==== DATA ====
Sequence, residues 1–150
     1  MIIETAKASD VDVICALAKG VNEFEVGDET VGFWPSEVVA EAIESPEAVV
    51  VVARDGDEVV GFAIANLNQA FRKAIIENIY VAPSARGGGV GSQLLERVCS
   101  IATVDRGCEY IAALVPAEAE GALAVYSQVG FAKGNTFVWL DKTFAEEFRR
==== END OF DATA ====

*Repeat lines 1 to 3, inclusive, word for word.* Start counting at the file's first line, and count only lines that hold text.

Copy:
Sequence, residues 1–150
     1  MIIETAKASD VDVICALAKG VNEFEVGDET VGFWPSEVVA EAIESPEAVV
    51  VVARDGDEVV GFAIANLNQA FRKAIIENIY VAPSARGGGV GSQLLERVCS